Not a bad way to start my reading year in 2010.
I found this a flawed, but in the end quite excellent, book. I wish Amis had just gone ahead and set it in the U.K., as I can see no reason for it being set in America other than the use of a handgun. It unfortunately read like something written by a British author, not quite American enough to truly take place here. For example, the opening paragraph in which the main character insists that cops would refer to themselves as "a police" is just wrong, and every time Amis used that construction, I wanted to scream at him. No American cop would ever refer to him or herself as "a police" or "the murder police." They're "cops" and "Homicide." I say this as a reporter who's spent a fair amount of time talking to cops -- daily for about two years at one point in my career. It's one of those things that was annoying enough to pull me out of the book whenever I came across it.
The book took a little time to get going. I think once Amis got past the police procedural elements and really started exploring the characters is when it took off. The book really is a character study of two women -- the narrator, Detective Mike Hoolihan, and the suicide victim, Jennifer Rockwell. It's a study in contrasts in some ways. Jennifer gets all the breaks while Mike takes all the beatings, and yet it's Mike who's ultimately better equipped to survive in a pretty senseless world.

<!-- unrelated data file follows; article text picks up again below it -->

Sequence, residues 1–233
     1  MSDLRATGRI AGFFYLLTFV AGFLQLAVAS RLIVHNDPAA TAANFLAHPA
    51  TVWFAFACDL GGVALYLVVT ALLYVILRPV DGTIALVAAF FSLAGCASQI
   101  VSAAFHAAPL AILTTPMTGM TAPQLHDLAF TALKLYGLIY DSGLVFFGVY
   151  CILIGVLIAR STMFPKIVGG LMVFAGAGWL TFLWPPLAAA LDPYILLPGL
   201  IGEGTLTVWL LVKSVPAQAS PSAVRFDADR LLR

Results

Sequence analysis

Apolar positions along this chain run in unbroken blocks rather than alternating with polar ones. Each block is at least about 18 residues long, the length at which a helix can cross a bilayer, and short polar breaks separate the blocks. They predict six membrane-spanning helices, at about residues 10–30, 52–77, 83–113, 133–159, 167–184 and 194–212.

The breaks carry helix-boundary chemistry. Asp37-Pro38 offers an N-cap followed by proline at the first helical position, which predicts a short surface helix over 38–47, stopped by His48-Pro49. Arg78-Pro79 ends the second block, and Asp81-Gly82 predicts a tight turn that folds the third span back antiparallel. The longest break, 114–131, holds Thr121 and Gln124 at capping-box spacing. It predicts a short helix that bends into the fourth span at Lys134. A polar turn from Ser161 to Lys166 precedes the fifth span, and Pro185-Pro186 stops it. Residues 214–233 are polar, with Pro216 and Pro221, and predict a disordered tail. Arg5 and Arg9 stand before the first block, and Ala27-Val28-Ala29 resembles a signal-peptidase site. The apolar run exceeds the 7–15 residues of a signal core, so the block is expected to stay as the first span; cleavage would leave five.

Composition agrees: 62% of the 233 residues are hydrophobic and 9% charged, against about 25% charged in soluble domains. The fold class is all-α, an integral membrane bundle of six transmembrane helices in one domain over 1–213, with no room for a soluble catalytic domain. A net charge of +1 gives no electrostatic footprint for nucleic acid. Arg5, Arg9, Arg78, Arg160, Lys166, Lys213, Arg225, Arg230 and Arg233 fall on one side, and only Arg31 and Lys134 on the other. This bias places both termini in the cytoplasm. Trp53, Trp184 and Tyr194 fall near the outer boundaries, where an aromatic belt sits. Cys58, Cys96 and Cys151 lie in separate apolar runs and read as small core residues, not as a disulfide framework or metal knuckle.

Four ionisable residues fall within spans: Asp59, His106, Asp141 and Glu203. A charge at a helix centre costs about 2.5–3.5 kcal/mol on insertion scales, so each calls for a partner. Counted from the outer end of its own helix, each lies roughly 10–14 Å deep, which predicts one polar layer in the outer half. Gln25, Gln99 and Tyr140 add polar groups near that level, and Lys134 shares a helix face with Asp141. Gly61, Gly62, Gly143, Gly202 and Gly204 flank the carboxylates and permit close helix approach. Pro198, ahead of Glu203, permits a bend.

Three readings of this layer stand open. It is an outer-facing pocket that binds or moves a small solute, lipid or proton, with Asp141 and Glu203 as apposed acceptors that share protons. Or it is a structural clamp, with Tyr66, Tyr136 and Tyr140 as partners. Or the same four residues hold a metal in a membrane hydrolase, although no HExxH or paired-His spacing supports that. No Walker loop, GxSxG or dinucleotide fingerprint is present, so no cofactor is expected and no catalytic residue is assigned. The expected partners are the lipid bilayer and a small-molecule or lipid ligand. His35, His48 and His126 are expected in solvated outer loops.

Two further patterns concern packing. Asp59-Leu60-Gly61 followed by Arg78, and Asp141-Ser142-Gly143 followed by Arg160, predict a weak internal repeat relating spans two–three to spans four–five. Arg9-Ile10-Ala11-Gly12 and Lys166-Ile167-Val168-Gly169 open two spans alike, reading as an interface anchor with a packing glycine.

I also think it's a meditation on the senselessness of death, whether it's an unexplainable suicide or a baby being murdered over a diaper. None of it makes sense. Mike knows this, even though it's her job to try to impose order on the chaos of it all. But we humans, we look for patterns and meaning, often seeing those where they don't exist. As a reader, I kept expecting a neatly wrapped explanation for Jennifer's suicide. She was an astrophysicist - maybe she learned there was an asteroid hurtling toward the Earth that would wipe us all out anyway? I can't recall what other theories I entertained, but I thought there'd be one. In this sense, Amis turns noir fiction on its head. There is no solution to the puzzle, there is no sense, because that's how life is. That's how death is. It doesn't make sense, no matter how hard we try. (My corollary: And so isn't life really about the connections we make while we're here?)
One more note -- I really loved the recurring imagery of the night train. It really added to the noir feel, as well as serving as a metaphor for death. The night train comes for us all sooner or later. (It's also really making me want to listen to Johnny Cash, for some reason. Alas, I have none in my CD collection. I feel a trip to Best Buy in my immediate future.)